The number of birds known from these islands up to this date is: 63 from Lombock, 86 from Flores, and 118 from Timor; and from the whole group, 188 species. With the exception of two or three species which appear to have been derived from the Moluccas, all these birds can be traced, either directly or by close allies, to Java on the one side or to Australia on the other; although no less than 82 of them are found nowhere out of this small group of islands. There is not, however, a single genus peculiar to the group, or even one which is largely represented in it by peculiar species; and this is a fact which indicates that the fauna is strictly derivative, and that its origin does not go back beyond one of the most recent geological epochs. Of course there are a large number of species (such as most of the waders, many of the raptorial birds, some of the kingfishers, swallows, and a few others), which range so widely over a large part of the Archipelago that it is impossible to trace them as having come from any one part rather than from another. There are fifty-seven such species in my list, and besides these there are thirty-five more which, though peculiar to the Timor group, are yet allied to wide-ranging forms. Deducting these ninety-two species, we have nearly a hundred birds left whose relations with those of other countries we will now consider.

If we first take those species which, as far as we yet know, are absolutely confined to each island, we find, in:

Lombock 4 belonging to 2 genera, of which 1 is Australian, 1 Indian.
Flores 12 " 7 " 5 are " 2 "
Timor 42 " 20 " 16 are " 4 "

The actual number of peculiar species in each island I do not suppose to be at all accurately determined, since the rapidly increasing numbers evidently depend upon the more extensive collections made in Timor than in Flores, and in Flores than in Lombock; but what we can depend more upon, and what is of more special interest, is the greatly increased proportion of Australian forms and decreased proportion of Indian forms, as we go from west to east. We shall show this in a yet more striking manner by counting the number of species identical with those of Java and Australia respectively in each island, thus:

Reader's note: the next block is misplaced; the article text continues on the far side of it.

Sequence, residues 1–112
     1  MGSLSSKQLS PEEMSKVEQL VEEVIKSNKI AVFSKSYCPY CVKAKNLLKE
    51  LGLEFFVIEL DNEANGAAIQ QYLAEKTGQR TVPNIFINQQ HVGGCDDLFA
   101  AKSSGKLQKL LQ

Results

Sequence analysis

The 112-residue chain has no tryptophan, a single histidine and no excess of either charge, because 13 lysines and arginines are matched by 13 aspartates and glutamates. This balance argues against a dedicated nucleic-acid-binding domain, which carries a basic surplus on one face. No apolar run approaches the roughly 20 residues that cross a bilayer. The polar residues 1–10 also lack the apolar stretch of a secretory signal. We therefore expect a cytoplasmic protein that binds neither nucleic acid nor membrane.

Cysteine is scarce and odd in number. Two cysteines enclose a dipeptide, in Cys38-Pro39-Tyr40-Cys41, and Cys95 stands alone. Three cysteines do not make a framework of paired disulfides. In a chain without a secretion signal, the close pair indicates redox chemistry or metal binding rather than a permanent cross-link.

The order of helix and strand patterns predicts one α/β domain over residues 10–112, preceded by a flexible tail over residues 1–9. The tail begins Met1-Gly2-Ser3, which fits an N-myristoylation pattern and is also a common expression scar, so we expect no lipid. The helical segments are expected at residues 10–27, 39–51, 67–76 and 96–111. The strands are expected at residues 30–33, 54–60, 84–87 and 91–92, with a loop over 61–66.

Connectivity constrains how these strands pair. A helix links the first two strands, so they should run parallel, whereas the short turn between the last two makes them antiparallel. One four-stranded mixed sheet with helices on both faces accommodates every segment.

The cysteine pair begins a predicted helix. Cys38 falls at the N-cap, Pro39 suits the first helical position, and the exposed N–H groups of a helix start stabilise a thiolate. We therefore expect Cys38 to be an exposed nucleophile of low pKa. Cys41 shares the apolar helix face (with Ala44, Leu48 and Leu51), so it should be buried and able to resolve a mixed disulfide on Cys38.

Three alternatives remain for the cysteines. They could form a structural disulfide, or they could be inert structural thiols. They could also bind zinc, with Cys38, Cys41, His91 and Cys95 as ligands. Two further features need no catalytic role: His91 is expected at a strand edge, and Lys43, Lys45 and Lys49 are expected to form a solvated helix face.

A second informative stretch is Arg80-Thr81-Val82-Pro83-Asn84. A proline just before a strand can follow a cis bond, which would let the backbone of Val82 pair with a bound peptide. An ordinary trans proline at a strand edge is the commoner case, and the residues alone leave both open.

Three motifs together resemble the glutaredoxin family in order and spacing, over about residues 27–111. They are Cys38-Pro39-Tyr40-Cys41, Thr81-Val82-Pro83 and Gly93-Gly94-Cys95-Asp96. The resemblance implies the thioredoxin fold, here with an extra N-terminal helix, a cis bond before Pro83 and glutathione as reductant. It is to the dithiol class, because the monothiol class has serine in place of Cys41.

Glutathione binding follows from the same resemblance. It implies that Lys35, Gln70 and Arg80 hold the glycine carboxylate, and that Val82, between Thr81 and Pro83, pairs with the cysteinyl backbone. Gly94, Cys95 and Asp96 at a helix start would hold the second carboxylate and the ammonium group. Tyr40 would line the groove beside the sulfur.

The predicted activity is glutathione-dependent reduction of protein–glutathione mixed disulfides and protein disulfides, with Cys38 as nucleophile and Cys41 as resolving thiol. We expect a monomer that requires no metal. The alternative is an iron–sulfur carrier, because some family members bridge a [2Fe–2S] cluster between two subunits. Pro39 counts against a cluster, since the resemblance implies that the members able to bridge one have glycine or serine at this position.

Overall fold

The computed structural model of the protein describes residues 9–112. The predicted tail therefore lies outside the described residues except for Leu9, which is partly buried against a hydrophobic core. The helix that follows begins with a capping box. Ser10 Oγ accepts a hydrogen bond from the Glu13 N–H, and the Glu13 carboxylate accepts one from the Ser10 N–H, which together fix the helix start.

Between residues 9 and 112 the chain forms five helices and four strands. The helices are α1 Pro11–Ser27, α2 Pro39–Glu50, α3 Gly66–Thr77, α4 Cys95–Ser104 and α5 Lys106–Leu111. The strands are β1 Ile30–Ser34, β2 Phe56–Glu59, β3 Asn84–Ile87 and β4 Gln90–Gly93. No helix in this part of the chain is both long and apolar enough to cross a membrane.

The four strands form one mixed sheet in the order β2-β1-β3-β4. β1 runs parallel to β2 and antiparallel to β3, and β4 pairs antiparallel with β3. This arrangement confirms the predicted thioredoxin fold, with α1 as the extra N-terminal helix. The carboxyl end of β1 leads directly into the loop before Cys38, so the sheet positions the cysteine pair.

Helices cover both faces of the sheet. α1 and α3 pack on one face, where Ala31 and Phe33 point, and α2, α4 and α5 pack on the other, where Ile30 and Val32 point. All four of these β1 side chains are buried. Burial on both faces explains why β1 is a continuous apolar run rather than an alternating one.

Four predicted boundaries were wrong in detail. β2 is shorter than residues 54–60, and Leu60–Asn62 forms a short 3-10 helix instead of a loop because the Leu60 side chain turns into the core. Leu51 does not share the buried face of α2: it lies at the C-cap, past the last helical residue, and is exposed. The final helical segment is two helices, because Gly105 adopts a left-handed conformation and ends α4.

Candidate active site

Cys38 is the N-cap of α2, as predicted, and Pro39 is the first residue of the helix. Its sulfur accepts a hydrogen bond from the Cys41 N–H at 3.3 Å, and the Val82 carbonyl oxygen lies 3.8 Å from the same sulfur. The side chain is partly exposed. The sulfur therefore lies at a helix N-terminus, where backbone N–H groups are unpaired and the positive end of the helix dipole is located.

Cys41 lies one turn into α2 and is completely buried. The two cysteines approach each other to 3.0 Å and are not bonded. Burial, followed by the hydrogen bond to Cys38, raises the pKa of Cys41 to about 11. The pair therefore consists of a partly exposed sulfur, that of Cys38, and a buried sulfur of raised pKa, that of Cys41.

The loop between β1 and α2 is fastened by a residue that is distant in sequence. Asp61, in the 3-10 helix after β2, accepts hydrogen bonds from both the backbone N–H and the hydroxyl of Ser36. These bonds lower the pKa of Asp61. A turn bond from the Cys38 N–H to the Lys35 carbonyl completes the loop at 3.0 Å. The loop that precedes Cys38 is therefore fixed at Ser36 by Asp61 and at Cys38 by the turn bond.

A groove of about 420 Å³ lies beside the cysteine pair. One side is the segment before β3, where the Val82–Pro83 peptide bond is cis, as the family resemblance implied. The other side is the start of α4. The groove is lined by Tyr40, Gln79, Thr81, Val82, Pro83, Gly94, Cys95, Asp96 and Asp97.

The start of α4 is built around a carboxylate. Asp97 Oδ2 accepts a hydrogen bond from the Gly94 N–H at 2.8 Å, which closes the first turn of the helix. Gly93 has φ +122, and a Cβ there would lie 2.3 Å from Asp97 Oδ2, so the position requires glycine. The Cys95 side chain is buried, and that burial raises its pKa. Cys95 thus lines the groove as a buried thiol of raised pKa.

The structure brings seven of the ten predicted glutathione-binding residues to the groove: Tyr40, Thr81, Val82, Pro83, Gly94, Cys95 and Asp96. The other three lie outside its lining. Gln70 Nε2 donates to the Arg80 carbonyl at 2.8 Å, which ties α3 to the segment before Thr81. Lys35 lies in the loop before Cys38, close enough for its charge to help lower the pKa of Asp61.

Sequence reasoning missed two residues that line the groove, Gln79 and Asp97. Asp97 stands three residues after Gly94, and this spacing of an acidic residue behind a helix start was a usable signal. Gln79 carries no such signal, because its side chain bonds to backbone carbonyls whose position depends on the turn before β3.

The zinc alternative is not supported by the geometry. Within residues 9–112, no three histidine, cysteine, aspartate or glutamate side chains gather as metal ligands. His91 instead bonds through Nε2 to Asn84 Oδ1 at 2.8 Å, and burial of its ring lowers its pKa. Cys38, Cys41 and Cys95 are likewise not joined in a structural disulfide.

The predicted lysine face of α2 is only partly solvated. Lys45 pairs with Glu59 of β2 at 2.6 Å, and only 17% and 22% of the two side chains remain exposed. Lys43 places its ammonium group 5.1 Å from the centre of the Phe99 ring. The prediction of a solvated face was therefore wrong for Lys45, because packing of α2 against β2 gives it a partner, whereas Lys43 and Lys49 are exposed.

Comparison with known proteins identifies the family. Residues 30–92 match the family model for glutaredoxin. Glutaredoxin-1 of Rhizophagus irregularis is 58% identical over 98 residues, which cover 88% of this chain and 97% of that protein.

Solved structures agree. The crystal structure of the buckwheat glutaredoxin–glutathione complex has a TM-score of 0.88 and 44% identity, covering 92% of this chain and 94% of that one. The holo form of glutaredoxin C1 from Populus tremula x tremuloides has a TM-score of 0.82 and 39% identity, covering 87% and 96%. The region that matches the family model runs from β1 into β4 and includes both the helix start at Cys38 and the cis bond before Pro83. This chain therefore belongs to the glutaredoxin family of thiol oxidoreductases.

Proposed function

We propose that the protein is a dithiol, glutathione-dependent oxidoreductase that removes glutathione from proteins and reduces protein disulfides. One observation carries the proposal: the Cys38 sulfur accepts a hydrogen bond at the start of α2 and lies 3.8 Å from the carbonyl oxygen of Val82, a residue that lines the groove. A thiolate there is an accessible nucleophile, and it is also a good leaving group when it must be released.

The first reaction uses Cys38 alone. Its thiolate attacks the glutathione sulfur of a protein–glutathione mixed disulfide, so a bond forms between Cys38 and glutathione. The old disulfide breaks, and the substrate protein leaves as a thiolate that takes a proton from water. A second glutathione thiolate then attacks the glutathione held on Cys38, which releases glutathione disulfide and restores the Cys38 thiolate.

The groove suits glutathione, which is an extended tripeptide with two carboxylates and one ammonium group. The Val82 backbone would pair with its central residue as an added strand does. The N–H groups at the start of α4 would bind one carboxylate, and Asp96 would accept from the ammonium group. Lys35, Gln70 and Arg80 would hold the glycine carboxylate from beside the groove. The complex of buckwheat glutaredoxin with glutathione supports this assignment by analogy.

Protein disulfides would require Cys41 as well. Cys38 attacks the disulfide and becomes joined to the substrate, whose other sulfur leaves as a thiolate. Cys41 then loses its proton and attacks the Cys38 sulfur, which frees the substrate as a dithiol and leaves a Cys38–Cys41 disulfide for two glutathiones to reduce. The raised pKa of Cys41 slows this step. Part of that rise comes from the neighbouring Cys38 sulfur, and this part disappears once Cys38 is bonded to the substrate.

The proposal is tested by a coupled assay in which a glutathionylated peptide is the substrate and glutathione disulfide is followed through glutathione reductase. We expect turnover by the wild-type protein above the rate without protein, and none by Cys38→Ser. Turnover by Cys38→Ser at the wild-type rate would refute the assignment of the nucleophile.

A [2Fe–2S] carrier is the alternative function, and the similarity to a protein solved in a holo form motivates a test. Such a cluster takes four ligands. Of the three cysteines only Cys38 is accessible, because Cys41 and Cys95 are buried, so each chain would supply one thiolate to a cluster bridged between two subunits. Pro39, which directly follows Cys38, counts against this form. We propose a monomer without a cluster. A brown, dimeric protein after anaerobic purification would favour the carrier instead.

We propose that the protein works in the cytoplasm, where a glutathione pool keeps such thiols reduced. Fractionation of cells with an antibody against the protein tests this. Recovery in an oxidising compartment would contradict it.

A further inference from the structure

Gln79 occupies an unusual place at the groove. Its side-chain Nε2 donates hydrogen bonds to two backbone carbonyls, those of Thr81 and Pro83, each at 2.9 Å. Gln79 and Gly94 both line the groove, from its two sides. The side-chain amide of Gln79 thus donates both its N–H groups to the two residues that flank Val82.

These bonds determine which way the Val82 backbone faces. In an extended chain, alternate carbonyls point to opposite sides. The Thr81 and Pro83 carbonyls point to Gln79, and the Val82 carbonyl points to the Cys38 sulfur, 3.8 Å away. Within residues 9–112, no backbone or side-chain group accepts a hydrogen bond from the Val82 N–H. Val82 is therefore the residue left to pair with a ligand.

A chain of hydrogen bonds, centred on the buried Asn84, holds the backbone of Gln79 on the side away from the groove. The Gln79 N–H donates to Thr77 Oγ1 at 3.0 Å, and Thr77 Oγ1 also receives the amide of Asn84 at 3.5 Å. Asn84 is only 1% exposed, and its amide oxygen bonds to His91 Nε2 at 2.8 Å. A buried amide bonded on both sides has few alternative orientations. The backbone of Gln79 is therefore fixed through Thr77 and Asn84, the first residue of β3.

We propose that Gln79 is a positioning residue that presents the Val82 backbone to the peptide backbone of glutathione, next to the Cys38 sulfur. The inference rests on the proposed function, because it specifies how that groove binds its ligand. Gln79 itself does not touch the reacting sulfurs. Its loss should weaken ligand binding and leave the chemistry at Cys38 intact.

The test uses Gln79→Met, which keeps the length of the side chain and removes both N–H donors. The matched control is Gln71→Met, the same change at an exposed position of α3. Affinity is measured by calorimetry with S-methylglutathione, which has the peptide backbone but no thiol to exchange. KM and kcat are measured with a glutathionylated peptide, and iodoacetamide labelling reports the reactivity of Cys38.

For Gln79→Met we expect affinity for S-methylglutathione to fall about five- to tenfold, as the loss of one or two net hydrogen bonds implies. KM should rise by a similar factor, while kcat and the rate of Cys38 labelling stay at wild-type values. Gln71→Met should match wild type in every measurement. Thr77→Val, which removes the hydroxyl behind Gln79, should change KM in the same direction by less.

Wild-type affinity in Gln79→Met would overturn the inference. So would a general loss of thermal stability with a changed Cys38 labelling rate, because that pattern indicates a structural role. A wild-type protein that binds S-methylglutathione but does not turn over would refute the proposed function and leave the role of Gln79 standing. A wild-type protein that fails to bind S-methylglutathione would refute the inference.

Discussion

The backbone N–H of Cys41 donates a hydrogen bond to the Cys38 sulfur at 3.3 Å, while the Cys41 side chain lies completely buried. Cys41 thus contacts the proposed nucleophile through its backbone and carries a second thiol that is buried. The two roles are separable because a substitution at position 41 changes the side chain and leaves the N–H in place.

In Lombock. In Flores. In Timor.
Javan birds 33 23 11
Australian birds 4 5 10

Here we see plainly the course of the migration which has been going on for hundreds or thousands of years, and is still going on at the present day. Birds entering from Java are most numerous in the island nearest Java; each strait of the sea to be crossed to reach another island offers an obstacle, and thus a smaller number get over to the next island. [The names of all the birds inhabiting these islands are to be found in the “Proceedings of the Zoological Society of London” for the year 1863.] It will be observed that the number of birds that appear to have entered from Australia is much less than those which have come from Java; and we may at first sight suppose that this is due to the wide sea that separates Australia from Timor. But this would be a hasty and, as we shall soon see, an unwarranted supposition. Besides these birds identical with species inhabiting Java and Australia, there are a considerable number of others very closely allied to species peculiar to those countries, and we must take these also into account before we form any conclusion on the matter. It will be as well to combine these with the former table thus: